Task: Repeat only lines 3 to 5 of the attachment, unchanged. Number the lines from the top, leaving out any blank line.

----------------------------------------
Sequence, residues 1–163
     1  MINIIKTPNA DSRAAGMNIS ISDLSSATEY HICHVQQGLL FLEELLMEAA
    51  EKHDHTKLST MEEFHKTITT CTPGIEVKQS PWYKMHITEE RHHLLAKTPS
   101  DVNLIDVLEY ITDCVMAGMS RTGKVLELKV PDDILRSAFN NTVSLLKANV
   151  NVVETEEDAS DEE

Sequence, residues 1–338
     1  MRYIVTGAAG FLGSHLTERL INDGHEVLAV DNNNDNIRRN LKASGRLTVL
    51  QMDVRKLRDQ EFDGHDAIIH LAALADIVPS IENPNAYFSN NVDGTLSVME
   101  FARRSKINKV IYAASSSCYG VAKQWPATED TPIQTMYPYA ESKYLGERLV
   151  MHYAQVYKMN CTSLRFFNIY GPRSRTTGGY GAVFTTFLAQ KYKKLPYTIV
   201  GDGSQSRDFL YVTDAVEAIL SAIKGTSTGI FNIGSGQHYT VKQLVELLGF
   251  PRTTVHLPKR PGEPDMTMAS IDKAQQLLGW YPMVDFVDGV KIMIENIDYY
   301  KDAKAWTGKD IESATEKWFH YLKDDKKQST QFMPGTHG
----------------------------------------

    51  EKHDHTKLST MEEFHKTITT CTPGIEVKQS PWYKMHITEE RHHLLAKTPS
   101  DVNLIDVLEY ITDCVMAGMS RTGKVLELKV PDDILRSAFN NTVSLLKANV
   151  NVVETEEDAS DEE